It is a journey from Montrose to Mbappe. While Martin Boyle will begin his first global tournament against Kylian Mbappe, Karim Benzema, Antoine Griezmann and the rest of a France team defending the World Cup, his first-team career started in humbler surroundings: Scottish Division 3.
Figuratively, the Australia winger has come a long way. Geographically, too. Not everyone represents the country of their birth but perhaps no one in Qatar comes from further away from their adopted nation. “I am a little boy from Aberdeen playing in a World Cup,” he tells The Independent. “Sometimes I still pinch myself. My family are still incredibly proud of where we came from. I started from the bottom of Scottish football and worked my way up and if you had told me this four years ago, I would probably have laughed in your face.”
But whereas Scotland need few reminders their last World Cup was in 1998, they will have representation of sorts in Doha. Boyle is the Socceroo from Aberdeen, not Adelaide; he comes from closer to the Cairngorms than Canberra, nearer Brechin than Brisbane. “My accent doesn’t really fit the Aussie culture,” he admitted. But his father, Graeme, was born in Sydney, after his grandparents had emigrated and before they returned to Scotland.
None of which made a Socceroos call-up inevitable. “Me and my dad always spoke about it for years but we didn’t know how to go about it,” Boyle said. “I don’t think it is one of those things where you pick up the phone and go, ‘Oh hello, my son could play for Australia’.” Instead, the Hibernian dressing room featured men from Melbourne and Sydney and his club teammates Jamie Maclaren and Mark Milligan mentioned it. As a new era began for Australia in 2018, with Graham Arnold replacing Bert van Marwijk as manager, with Tim Cahill retiring, Boyle was first called to a training camp and then given a debut.
The abridged version would be to say the rest is history. The reality is more complicated. Boyle missed the 2019 Asian Cup through injury. His route to Qatar was a lengthy one and not merely in the sense of the miles covered. “The progression to the World Cup was fantastic but we didn’t do it the easy way,” he said. Some of the hurdles were footballing, some logistical.
“With Covid, it wasn’t ideal with the isolations and thankfully we managed to do it,” he added. Australia’s particularly strict quarantine regulations meant some of their ‘home’ games were played in Kuwait and Qatar. In various places, their pre-match preparation involved spells of self-isolation. “I think it was 10 days,” Boyle said. “The different countries we were going to, you needed your PCR test and you needed your visas to get in, we were waiting around the airports. Japan, we were there for four hours to get a couple of Covid tests and stuff like that, you weren’t allowed to leave your room. It was a bit difficult but at the same time we all came together and when we pulled on that jersey we managed to get the job done.”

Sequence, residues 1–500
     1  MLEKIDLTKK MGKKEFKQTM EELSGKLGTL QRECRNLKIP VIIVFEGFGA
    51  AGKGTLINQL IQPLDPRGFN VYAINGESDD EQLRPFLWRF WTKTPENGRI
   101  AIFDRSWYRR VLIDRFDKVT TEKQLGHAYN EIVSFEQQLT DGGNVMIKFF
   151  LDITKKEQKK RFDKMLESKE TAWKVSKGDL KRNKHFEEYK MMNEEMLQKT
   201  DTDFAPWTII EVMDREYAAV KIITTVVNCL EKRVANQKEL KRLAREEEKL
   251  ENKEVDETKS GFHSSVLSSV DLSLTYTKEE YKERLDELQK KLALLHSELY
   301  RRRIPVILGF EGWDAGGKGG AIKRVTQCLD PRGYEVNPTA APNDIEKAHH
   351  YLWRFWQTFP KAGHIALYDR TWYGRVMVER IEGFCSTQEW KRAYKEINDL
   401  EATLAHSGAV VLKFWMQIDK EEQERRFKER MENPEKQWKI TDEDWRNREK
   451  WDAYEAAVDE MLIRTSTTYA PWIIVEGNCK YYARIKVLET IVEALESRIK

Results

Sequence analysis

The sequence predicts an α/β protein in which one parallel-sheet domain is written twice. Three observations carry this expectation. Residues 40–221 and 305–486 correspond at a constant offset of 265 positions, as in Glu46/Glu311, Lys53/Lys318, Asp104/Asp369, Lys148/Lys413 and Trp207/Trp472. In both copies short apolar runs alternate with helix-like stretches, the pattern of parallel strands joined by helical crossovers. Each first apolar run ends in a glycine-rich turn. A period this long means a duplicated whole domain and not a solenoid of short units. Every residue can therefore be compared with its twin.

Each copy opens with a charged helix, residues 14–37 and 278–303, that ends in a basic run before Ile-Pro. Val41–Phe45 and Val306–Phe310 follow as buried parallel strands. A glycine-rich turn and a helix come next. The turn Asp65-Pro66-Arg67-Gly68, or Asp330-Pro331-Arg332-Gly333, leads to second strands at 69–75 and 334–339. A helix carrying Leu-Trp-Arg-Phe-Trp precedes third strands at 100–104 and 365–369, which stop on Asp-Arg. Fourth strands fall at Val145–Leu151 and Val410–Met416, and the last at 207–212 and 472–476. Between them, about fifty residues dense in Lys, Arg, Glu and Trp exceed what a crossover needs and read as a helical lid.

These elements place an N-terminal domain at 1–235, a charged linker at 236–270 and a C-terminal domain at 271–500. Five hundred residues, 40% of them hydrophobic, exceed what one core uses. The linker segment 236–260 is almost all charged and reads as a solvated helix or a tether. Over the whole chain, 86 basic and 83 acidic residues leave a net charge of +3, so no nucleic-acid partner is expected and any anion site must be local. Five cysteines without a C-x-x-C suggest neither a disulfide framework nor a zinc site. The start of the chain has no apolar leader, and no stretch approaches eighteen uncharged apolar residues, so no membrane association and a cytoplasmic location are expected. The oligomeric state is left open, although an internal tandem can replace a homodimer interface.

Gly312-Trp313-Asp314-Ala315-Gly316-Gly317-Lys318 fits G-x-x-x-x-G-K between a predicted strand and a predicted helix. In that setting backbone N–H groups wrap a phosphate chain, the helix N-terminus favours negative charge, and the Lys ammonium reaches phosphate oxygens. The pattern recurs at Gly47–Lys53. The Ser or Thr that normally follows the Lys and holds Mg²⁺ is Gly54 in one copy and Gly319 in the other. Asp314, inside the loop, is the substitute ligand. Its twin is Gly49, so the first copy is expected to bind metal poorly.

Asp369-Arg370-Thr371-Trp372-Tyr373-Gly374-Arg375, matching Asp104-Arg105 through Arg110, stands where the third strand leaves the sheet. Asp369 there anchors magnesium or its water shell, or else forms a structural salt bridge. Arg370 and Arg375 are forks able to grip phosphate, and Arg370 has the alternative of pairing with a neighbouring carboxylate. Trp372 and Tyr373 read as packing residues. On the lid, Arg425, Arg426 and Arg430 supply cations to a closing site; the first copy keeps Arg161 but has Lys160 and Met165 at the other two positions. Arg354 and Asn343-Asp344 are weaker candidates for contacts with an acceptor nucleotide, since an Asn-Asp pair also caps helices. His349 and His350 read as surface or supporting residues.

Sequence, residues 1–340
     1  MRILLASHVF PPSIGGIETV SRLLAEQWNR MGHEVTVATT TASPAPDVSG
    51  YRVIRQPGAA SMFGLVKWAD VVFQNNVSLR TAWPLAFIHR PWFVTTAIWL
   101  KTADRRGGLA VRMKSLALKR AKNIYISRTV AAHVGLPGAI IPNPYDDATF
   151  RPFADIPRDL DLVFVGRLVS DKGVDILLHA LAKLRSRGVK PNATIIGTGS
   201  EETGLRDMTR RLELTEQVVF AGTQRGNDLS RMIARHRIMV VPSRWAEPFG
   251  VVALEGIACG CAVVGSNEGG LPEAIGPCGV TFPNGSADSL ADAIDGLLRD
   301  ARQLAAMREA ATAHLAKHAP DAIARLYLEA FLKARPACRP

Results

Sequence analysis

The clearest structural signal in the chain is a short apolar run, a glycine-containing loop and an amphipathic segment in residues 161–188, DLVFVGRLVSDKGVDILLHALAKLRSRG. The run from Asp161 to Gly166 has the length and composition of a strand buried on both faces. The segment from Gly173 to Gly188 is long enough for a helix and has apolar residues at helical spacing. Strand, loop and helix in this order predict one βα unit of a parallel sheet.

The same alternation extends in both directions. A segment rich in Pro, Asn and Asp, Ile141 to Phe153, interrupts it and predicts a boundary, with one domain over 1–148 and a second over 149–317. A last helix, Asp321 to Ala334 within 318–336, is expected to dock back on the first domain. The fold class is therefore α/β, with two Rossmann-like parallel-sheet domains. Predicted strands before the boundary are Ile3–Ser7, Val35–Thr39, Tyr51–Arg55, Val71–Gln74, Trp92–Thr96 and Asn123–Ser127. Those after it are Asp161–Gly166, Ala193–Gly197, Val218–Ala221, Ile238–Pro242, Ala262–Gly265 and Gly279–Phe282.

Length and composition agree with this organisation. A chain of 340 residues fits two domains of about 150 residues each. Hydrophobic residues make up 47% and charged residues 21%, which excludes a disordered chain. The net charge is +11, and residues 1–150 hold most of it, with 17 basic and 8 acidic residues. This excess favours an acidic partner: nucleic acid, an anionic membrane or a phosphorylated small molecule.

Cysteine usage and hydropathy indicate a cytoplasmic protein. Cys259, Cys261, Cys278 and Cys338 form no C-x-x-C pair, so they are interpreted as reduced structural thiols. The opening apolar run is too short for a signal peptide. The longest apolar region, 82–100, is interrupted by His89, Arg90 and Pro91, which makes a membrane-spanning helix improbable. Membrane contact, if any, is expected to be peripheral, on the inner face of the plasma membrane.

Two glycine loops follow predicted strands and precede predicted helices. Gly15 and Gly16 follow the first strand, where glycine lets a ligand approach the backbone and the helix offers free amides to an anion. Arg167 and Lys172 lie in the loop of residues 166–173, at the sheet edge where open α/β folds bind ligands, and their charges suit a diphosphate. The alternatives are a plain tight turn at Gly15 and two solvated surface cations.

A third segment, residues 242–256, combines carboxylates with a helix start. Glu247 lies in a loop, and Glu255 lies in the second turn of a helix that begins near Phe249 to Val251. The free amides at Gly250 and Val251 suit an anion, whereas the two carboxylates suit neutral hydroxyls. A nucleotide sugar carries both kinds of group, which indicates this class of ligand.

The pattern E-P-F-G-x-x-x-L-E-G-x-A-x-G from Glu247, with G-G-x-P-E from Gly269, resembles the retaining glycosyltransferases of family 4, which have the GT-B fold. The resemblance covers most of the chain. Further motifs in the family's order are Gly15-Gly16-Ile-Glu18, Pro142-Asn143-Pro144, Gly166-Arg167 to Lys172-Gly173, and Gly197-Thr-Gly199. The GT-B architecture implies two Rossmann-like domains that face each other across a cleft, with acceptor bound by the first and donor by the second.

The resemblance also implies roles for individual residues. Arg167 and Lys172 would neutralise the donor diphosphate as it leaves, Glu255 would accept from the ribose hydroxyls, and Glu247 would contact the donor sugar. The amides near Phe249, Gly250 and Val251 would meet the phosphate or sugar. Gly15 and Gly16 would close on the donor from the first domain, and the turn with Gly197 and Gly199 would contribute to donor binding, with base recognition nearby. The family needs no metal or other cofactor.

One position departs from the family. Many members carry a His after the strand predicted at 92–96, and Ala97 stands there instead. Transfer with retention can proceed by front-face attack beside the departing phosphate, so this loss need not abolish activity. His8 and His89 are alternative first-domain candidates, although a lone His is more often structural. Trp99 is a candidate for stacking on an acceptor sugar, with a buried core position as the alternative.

Even that came with complications. Australia had to negotiate two play-offs, first against the United Arab Emirates and then against Peru. They were underdogs against a team who beat them in the 2018 World Cup, and again when the game went to penalties and Boyle missed the opening spot kick in the shootout.
His rescuer was a reserve goalkeeper. Arnold was rewarded for gambling, substituting captain and keeper Mat Ryan in the 120th minute. His understudy Andrew Redmayne put Peru off with his dancing antics on the line, making the save to ensure Australia would return to Doha. “He was the real hero and it was a fairytale ending,” said Boyle.
The prize of a clash with France could have been a distraction. “When I saw the draw we still hadn’t qualified so it was a bit difficult,” Boyle said. “You get excited, you know what is at stake, a game against the previous world champions and the talent that they have.” With qualification secure, he could devote more time to studying France.
“These are world superstars and they have won the World Cup before,” he said. “It will be quite eye-opening to see them in the tunnel and in person but at the same time you pull on the jersey and you line up, you get stuck right in.”
That has tended to be the Australian way. It took a contentious injury-time penalty from the eventual winners Italy to knock Australia out in 2006, the one time they reached the last 16. Arnold was involved then, on Guus Hiddink’s backroom staff. “Arnie and Guus are really close,” said Boyle and Hiddink joined Australia on their last training camp, reminiscing about the past.
The Dutch influence has been apparent in other ways. Rene Meulensteen is on the backroom staff now. “He has worked with the best manager on the planet in Sir Alex Ferguson. He has obviously worked with Ruud van Nistelrooy and Cristiano [Ronaldo] and to have any sort of information like that to help you, you sit back take it on board and try and execute it.”
It prompted the thought that the same tips that Meulensteen gave to a young Ronaldo are now being dispensed to Boyle. Yet Australia’s history with the Dutch stretches beyond Hiddink and Meulensteen, beyond even the comparisons between Arnold’s decision to bring on Redmayne and Louis van Gaal’s introduction of Tim Krul for the Netherlands’ 2014 shootout against Costa Rica.
A knee injury sustained playing for Hibs a fortnight ago could yet derail Boyle’s major tournament dream. For him, thinking back to Australia’s previous World Cups summons one image above all others. “The memory is Timmy Cahill’s volley against the Netherlands,” he said. “There are loads of memories and loads of iconic players who have played in the past so as a player individually you want to go out and recreate that. I don’t think I will be scoring a left-foot volley from there but it is definitely hero status if we can get a victory against France.”